Foreword Reviews

Island of Clouds

The Great 1972 Venus Flyby

Harnessing the power of imagination, Island of Clouds is a fresh perspective in historical fiction.

An intense character study set in space, Island of Clouds: The Great 1972 Venus Flyby, by Gerald Brennan, is a surreal journey through what could have been the world’s first deep-space mission.

The latest and first full-length installment in the Altered Space series, Island of Clouds focuses on three well-known astronauts charged with leading the world’s first interplanetary mission: a year-long endeavor to fly past a planet then largely considered a mystery, Venus. Based on actual blueprints created by the Apollo Applications Program in the early sixties, the mission encounter is only the beginning, setting the stage for a complex character-driven drama that focuses on self-discovery.

Narrated by Buzz Aldrin, both through internal monologue and his brief journal entries, the novel is primarily a dialogue, allowing exposition to happen quickly and naturally. There is never a lull in plot advancement. Brennan’s approach allows for a plethora of imparted meanings and a richness of content, giving the text a literary and believable feeling.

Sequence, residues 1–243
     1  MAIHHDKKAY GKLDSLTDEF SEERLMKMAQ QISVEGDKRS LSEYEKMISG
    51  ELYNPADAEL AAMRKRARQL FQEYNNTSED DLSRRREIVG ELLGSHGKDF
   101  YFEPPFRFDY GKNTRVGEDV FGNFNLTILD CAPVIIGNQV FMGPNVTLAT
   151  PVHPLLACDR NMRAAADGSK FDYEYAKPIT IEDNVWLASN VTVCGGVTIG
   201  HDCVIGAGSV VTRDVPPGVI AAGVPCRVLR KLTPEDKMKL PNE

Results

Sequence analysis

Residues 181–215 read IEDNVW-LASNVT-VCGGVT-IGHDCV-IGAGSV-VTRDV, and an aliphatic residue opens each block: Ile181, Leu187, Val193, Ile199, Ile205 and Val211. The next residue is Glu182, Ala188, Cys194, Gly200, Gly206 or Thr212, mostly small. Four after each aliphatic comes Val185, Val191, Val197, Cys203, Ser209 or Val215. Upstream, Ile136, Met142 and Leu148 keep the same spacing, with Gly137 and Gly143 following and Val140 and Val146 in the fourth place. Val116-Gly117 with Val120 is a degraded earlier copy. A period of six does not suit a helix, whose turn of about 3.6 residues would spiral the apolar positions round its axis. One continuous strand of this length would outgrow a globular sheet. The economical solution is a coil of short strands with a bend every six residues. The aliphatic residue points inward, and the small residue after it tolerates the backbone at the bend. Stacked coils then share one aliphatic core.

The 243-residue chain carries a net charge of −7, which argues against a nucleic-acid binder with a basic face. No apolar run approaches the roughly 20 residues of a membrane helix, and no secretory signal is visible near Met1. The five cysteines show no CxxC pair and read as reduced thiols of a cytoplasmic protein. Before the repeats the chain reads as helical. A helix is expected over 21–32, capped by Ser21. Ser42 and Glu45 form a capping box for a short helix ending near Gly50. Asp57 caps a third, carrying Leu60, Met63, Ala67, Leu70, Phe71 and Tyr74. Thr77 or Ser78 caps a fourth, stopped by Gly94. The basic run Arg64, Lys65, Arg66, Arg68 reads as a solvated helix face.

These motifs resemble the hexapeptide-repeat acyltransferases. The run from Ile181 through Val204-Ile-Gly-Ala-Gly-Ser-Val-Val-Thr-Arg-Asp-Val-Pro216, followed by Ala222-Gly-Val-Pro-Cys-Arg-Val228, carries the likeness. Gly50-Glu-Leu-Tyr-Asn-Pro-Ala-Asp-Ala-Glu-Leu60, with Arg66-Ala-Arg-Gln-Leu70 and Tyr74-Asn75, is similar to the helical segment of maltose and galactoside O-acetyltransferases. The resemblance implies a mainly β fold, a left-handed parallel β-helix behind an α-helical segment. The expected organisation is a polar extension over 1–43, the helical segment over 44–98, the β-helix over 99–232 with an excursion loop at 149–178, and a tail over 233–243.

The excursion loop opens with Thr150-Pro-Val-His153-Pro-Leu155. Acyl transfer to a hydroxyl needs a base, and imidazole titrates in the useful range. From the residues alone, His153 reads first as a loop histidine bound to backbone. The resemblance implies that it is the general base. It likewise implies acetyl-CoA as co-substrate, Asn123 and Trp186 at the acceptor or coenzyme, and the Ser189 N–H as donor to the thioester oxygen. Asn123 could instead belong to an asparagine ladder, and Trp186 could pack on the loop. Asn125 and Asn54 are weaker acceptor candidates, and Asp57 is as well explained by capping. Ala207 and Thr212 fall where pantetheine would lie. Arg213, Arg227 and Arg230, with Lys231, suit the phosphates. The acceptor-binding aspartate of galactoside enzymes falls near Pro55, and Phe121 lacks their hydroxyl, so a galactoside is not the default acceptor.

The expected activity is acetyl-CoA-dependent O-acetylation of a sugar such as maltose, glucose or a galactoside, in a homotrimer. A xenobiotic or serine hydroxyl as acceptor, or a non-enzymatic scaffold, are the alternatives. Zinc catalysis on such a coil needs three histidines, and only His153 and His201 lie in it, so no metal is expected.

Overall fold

Myriad literary devices make for a robust text. Brennan effortlessly brings to life the overwhelming feelings of traveling through space and confronting inner demons. Brennan also gives each astronaut on the mission—Buzz Aldrin, Joe Kerwin, and Alan Shepard—decidedly separate identities that stay true to their real-life legacies. Island of Clouds is indeed science fiction, but it is science fiction driven by the internal and interpersonal struggles that each astronaut must confront and overcome.

Brennan’s style is expert and crafted, especially his focus on the mysterious, hellish, and hazy Venus. Mirroring both the interpersonal turmoil on the spacecraft and the larger global issues of the time, Venus becomes a harbinger of things to come.

Sections deal directly with the deep-space mission, spliced with place-and-time-jump intermissions that provide context and add to the text’s dreamlike quality. Much like during their time in space, characters float from place to place, never truly settling down.

Harnessing the power of imagination, Island of Clouds is a fresh perspective in historical fiction.

Reviewed by Amanda Adams

Disclosure: This article is not an endorsement, but a review. The author of this book provided free copies of the book to have their book reviewed by a professional reviewer. No fee was paid by the author for this review. Foreword Reviews only recommends books that we love. Foreword Magazine, Inc. is disclosing this in accordance with the Federal Trade Commission’s 16 CFR, Part 255.

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